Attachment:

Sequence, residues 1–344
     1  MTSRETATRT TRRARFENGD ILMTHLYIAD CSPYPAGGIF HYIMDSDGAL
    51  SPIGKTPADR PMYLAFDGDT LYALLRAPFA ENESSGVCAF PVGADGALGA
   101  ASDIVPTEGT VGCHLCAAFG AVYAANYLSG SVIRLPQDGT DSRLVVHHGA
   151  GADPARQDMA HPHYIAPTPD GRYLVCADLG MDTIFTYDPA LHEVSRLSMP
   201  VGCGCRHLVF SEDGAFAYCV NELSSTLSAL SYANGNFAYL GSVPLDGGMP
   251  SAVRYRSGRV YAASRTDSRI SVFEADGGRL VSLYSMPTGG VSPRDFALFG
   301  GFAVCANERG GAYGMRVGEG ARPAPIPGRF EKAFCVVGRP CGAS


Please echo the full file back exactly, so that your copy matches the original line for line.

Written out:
Sequence, residues 1–344
     1  MTSRETATRT TRRARFENGD ILMTHLYIAD CSPYPAGGIF HYIMDSDGAL
    51  SPIGKTPADR PMYLAFDGDT LYALLRAPFA ENESSGVCAF PVGADGALGA
   101  ASDIVPTEGT VGCHLCAAFG AVYAANYLSG SVIRLPQDGT DSRLVVHHGA
   151  GADPARQDMA HPHYIAPTPD GRYLVCADLG MDTIFTYDPA LHEVSRLSMP
   201  VGCGCRHLVF SEDGAFAYCV NELSSTLSAL SYANGNFAYL GSVPLDGGMP
   251  SAVRYRSGRV YAASRTDSRI SVFEADGGRL VSLYSMPTGG VSPRDFALFG
   301  GFAVCANERG GAYGMRVGEG ARPAPIPGRF EKAFCVVGRP CGAS